Mr Neria said that he was told not to take Communion by some his fellow parishioners at his church in the western Spanish city of Plasencia, where a priest denounced him as “the devil’s daughter”. 
He wrote to the Pope to ask if there was room in the Church for him but was amazed when Francis rang him twice to arrange a meeting. 
Mr Neria told Spanish newspaper Hoy: “After hearing him speak on many occasions, I felt that he would listen to me.” 
At a meeting last Saturday in the Domus Sancta Marthae Francis embraced the Spaniard, who was accompanied by his fiancée.

Do you see any disclaimer akin to the statement, "It is reported," in Roberts's report? I must have missed it. And it's news to me that The Tablet is not a "reputable news agency."

CNN has interviewed (video link) Diego Neria Lejarraga, by the way, the Spanish transgender man who says that he met with the pope on 24 January. Neria says that he requested a meeting with Francis after he had been made to feel completely unwelcome by some of the members of his local parish in Spain, and had stopped going to church.

The comments of this Catholic who represents a certain subset of U.S. Catholics that NCR has thankfully removed from this thread indicate that it's simply unthinkable to Purgatrix Ineptiae that a pope would meet with and embrace a transgender person. The very notion offends this particular Catholic, whose commentary about the meeting she doesn't believe took place was filled with snide remarks about homosexual "roommates" who claim to be "married," etc.

Her definition of Catholicism (and she's not unique in this regard) is built around the notion that certain leprous people are to be scorned, ridiculed, hounded out of her church, made to know they're unwelcome, and kept firmly in their place outside her church, not invited inside. And isn't it amazing that some Catholics have brought themselves to this point, when, well, Jesus? The gospels? The very meaning of the word "catholic"?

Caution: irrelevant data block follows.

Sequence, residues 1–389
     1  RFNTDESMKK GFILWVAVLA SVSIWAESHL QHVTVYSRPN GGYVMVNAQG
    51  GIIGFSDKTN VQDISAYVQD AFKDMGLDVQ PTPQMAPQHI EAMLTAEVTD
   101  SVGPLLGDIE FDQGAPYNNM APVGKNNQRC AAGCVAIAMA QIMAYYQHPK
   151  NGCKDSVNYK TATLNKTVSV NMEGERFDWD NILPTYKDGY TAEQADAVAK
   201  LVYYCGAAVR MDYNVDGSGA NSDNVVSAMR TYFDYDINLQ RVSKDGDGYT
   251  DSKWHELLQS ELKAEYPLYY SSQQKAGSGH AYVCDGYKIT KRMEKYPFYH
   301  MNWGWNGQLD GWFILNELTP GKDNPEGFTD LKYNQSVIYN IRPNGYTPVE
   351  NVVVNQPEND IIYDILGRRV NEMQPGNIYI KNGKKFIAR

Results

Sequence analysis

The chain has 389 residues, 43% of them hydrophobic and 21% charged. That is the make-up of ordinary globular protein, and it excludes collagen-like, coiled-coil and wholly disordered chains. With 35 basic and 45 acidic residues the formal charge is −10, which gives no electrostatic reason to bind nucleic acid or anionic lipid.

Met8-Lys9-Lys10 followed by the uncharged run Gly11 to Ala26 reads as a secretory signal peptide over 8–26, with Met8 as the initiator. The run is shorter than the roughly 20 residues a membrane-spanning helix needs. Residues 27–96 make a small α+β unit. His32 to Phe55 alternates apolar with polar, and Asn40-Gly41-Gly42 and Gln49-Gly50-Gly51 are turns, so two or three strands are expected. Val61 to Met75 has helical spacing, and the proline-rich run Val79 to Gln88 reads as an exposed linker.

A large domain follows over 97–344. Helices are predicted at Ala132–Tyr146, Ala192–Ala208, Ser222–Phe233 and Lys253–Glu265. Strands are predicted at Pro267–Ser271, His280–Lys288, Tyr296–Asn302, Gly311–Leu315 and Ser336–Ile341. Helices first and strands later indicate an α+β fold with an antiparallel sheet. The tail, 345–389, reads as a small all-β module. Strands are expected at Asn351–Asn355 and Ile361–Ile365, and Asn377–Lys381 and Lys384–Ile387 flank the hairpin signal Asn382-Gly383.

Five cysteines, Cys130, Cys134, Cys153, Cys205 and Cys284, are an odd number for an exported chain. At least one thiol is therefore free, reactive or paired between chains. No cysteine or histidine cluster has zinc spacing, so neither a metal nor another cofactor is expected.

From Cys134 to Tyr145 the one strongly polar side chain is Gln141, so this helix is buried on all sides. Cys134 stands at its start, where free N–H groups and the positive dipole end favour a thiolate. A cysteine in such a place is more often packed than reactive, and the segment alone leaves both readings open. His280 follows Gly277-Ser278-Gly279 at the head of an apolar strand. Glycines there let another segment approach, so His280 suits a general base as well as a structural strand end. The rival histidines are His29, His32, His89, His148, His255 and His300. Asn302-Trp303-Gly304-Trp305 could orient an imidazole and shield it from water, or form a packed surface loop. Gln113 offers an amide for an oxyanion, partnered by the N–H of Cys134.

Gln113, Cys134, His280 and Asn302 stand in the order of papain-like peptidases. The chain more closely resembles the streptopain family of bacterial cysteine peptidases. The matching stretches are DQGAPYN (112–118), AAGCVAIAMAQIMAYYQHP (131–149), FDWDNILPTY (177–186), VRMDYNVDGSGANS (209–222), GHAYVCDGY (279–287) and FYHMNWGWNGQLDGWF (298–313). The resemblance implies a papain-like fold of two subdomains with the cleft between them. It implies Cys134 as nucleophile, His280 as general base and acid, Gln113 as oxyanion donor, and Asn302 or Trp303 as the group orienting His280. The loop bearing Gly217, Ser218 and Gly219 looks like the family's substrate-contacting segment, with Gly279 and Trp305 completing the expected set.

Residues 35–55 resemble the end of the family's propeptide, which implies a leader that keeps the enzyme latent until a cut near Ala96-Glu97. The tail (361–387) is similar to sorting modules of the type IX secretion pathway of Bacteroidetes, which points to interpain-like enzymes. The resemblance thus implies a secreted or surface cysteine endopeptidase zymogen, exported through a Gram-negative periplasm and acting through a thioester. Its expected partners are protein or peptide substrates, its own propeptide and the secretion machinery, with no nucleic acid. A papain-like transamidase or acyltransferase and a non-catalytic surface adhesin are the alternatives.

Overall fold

As Bob Shine noted several days ago at New Ways Ministry's Bondings 2.0 blog, 

If the Vatican confirms the meeting with Neria, the impact of Pope Francis’ witness that being a disciple of Christ means welcoming all would be that much more powerful. 

That sounds right to me, as does the observation of Francis De Bernardo of New Ways Ministry in a Huffington Post article cited by Shine, that the reluctance of the Vatican to verify this meeting indicates that it would be premature to speak of the attitude of the Vatican itself towards transgender (or LGBT) people as acceptance — though, as Francis De Bernardo suggests, Francis is modeling for other Catholic pastoral leaders an attitude of welcome and inclusion that should, in the view of many Catholics, characterize the Catholic church in its response to those on the margins of society.

*I think I'm mistaken about NCR having removed some of this person's comments in this thread. When I wrote this posting yesterday, I didn't spot a number of her comments I had previously read. Now, on a closer reading of the thread, I see they're still there.

The graphic is a kind of holy-card image of St. Francis embracing a leper, which I find at many blog sites. Its origin is not clear to me.